As a result, the children with disabilities are not receiving sufficient and much needed care and attention, and the regular education of students is interrupted all the time.
If there are students with special needs, then the educator is obliged to direct disproportionate attention to a small number of students, thus lessening the quantity of energy and time aimed at the rest of the class. Certainly, the variety of abilities is simply too big for one educator to sufficiently teach. As a result, the commission for greater educational responsibility and accomplishment are incapable to be met.
There is also great concern for an emotional well being of the students with special needs. Many parents are concerned that other students will be ridiculing the one that stand out in some way. And the teacher cannot always be nearby to support the student with disabilities or protect him. One of the teachers’ goals is to help his students to develop as individuals, with is hard to achieve when some of his students, on the ground having some disabilities, have lowered self-esteem and stigmatized and even persecuted by other students.
The learning disabilities field seems to recognize that being treated as an individual can usually be found more easily outside the regular classroom" (Lyon & Vaughn. (1994). p. 15).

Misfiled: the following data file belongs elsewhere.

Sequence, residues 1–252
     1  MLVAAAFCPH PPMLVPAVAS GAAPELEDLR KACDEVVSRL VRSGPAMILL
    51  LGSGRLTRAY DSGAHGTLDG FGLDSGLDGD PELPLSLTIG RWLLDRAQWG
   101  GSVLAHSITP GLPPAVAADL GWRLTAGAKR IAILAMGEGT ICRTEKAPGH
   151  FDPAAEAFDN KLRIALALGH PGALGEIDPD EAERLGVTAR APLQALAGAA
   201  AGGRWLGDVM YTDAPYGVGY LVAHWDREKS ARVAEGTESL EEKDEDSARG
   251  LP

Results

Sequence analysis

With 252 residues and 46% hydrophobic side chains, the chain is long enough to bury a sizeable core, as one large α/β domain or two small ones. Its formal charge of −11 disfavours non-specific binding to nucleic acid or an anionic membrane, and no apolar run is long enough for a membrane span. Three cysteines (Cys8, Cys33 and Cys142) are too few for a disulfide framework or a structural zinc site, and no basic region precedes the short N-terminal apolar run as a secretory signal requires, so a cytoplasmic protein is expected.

There are many reasons why the majority of students with special needs benefit more from services received outside the regular classroom. ...
Also, as far as the educators’ trainings and abilities, ordinary teachers seldom have a desire or patience for a special student in their class Inclusion is a matter of concerns not only for the parents of children with special needs. There are number of voices against it coming from parents of the students with no disabilities. They are concerned that academic achievements of their children will suffer due to the teacher’s shift of attention to those with disabilities, thus leaving his regular students to be more on their own. Parents of children without disabilities often worry that the curriculum standards will be lowered by the inclusion of students with disabilities and those students with ADHD. Some special educators voice concerns that full inclusion may result in diminished or inadequate specialized services for students who have special needs. They point out that the regular classroom may not be the best setting for every child. Violent and emotionally disordered children, for example, may pose a threat to themselves and to their classmates. Overworked classroom teacher have complained that they are given inadequate resources and training to deal with students with disabilities. Ideally, when students with disabilities are included in regular classroom, their teachers receive special training and help from special education teacher who serves as either a co-teacher or a consultant. (Ryan, 2008, p.76-77) The hard work of inclusion do not bring success often because educators in conventional classrooms do not have proper preparation; there is a lack of knowledge about inclusion amongst supervisors, and the financial support for training and resources is usually short. One